Journal of Behavioral Medicine

, Volume 35, Issue 3, pp 305–317

The interplay of dyadic and individual planning of pelvic-floor exercise in prostate-cancer patients following radical prostatectomy

  • Silke Burkert
  • Nina Knoll
  • Aleksandra Luszczynska
  • Oliver Gralla
Article

DOI: 10.1007/s10865-012-9416-2

Cite this article as:
Burkert, S., Knoll, N., Luszczynska, A. et al. J Behav Med (2012) 35: 305. doi:10.1007/s10865-012-9416-2

Abstract

This study broadens the current understanding of the role of planning by focusing on the interplay between individual and dyadic planning (i.e. making plans about the target person’s behaviour together with a partner). Self-report data from N = 141 prostatectomy-patients and their partners were assessed at three times within 1 year post-surgery. Direct and indirect effects of dyadic and individual planning on patients’ pelvic-floor exercise (PFE) were tested. Proposed mediators were social support, social control, and action control. Cross-sectionally, the dyadic planning–PFE relationship was mediated by patients’ received support and partners’ provided social control. Longitudinally, mediators of dyadic planning were partners’ provided social control and support. Effects of individual planning on PFE were mediated by action control at baseline only. Also, at lower levels of individual planning, patients’ dyadic planning was more strongly associated with receipt of social control. Results underscore the importance of social factors in the planning process and its mechanisms in health-behaviour change.

Keywords

Dyadic planning Social exchange processes Self-regulation Health-behaviour change Multiple mediation 

Introduction

Recovery from diseases often requires changes in health-related behaviour. Psychological research usually focuses on individual self-regulatory processes that help to predict health-behaviour change (Schwarzer et al., 2008). Individual action planning in its role as a mediator between goal intentions and behaviour change has been suggested as one such key self-regulatory process in bridging the intention-behaviour gap (Gollwitzer & Sheeran, 2006). While at this point, theory and research have concentrated on individual behaviour-change processes including action planning, the role of the close social environment has rarely been directly addressed (Benyamini et al., 2011; Burkert et al., 2011; Prestwich et al., 2005). This is despite the fact that most adults live in close relationships and health-behaviour change thus happens within a social context. In particular, the regulation of health-related behaviour has been shown to be supported by the close network’s involvement (Berkman et al., 2000). Therefore, the present study directly addresses partners’ involvement in behaviour change by investigating dyadic planning (Burkert et al., 2011). Independent contributions of individual and dyadic planning as well as their interplay are studied in a rehabilitation setting with prostate-cancer patients and their partners who face patients’ functional limitations and ensuing need for the uptake of rehabilitative exercise following radical prostatectomy.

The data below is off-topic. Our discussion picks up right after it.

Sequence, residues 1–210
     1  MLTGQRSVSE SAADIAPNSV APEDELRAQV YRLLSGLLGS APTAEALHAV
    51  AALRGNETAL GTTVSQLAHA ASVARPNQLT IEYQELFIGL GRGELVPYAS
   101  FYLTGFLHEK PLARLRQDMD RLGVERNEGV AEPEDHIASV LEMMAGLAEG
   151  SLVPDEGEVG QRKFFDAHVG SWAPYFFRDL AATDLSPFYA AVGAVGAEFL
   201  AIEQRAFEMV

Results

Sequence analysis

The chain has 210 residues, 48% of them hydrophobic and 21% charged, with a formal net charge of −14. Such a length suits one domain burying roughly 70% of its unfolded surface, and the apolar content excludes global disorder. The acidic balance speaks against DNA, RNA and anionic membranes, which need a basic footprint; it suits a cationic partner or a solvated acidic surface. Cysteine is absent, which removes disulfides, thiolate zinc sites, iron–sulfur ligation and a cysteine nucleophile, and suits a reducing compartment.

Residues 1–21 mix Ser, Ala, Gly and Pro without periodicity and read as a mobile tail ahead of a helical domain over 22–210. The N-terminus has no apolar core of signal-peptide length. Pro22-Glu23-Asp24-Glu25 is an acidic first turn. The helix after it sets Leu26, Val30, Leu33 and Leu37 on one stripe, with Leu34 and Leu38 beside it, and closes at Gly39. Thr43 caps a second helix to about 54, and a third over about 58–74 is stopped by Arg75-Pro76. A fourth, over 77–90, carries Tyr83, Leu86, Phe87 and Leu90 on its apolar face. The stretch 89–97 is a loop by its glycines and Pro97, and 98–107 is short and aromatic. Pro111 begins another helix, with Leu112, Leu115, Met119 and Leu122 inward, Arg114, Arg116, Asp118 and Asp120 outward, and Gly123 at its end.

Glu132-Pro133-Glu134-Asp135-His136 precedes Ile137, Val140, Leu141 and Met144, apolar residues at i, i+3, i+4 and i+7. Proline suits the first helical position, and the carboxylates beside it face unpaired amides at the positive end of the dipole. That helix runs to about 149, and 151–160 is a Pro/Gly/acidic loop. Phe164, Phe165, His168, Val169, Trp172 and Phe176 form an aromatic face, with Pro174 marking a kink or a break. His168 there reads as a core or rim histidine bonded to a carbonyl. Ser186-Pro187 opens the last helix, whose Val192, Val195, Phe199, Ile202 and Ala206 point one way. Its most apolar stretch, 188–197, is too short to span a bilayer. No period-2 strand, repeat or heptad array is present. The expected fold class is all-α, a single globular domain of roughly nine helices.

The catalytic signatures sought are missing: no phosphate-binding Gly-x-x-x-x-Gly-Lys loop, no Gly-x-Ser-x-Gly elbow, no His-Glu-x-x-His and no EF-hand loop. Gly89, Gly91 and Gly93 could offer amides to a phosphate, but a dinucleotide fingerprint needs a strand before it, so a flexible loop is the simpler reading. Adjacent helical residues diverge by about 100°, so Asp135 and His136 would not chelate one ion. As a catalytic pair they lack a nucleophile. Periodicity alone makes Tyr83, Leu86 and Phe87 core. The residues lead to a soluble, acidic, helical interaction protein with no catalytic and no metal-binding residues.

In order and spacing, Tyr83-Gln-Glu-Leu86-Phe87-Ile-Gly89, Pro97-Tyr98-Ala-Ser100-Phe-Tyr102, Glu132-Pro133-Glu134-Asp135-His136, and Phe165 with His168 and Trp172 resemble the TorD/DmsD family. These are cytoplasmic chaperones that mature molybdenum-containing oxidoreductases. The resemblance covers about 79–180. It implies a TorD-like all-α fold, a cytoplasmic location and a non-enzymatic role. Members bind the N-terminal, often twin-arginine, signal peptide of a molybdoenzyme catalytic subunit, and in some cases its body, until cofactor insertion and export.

Individual health-behaviour regulation

Planning behaviour change individually refers to generating plans on when, where, and how to implement a new health behaviour. This is also known as implementation intentions (Gollwitzer & Sheeran, 2006). Making plans enhances accessibility of specified opportunities, thereby helps to initiate goal pursuit successfully and accelerates behaviour initiation, when the specified opportunity is encountered (Webb & Sheeran, 2007). A meta-analysis by Gollwitzer and Sheeran (2006) revealed that individual action planning has reliable effects on behaviour change (e.g. small and medium effects on healthy nutrition, and medium to large effects on exercise and testicular self-examination). Independent of which behaviour is planned, planning interventions usually benefit those with high intention to act (Sheeran et al., 2005).